Although ostensibly in the crime genre, the Secret Agent X stories were situated at the more far-fetched end of the spectrum, with a number of science fiction elements such as futuristic weapons and mad scientists. They were generally given highly sensational titles such as The Ambassador of Doom (May 1934), Servants of the Skull (November 1934), The Golden Ghoul (July 1935), Satan’s Syndicate (August 1937) and Curse of the Crimson Horde (September 1938). [2][dead link] There were a number of similarities between Secret Agent X and other pulp heroes of the time such as The Shadow, the Green Lama and Operator No. 5. Authors such as Tepperman and Rogers produced stories for Operator No. 5 magazine as well as for Secret Agent X.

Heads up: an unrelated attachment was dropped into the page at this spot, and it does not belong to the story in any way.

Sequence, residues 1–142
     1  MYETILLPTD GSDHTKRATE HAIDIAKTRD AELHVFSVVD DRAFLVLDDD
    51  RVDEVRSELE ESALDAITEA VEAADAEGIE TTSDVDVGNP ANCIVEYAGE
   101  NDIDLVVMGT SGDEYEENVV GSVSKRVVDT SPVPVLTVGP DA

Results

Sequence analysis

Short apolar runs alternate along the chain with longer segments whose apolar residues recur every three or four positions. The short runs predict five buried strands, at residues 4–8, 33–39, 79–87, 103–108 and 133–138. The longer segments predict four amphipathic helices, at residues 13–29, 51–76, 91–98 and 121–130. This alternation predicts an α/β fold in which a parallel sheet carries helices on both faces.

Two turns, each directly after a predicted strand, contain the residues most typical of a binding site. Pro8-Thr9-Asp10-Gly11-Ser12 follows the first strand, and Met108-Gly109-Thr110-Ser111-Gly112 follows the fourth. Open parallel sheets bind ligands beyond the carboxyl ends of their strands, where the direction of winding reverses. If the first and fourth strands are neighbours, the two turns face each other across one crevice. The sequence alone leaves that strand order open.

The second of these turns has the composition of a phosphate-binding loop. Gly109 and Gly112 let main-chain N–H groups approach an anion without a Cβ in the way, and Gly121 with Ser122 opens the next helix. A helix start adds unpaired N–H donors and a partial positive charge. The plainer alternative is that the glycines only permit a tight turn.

Ace Comics also published a short-lived character based on Secret Agent X, but called him "X- The Phantom Fed". All stories were based on early novels.

Stories[edit]

  1. The Torture Trust, 02/01/34 01/1 - Paul Chadwick
  2. The Spectral Stranglers, 03/01/34 - Paul Chadwick
  3. The Death-Torch Terror, 04/01/34 - Paul Chadwick
  4. The Ambassador of Doom, 05/01/34 - Paul Chadwick
  5. City of Living Dead, 06/01/34 - Paul Chadwick
  6. Octopus of Crime, 09/01/34 - Paul Chadwick
  7. The Hooded Hordes, 10/01/34 - Paul Chadwick
  8. Satan's Scalpel, 03/01/34 - Emile C Tepperman
  9. The Eyes Of Durga, 04/01/34 - Emile C Tepperman
  10. No Living Witness, 06/01/34 - Emile C Tepperman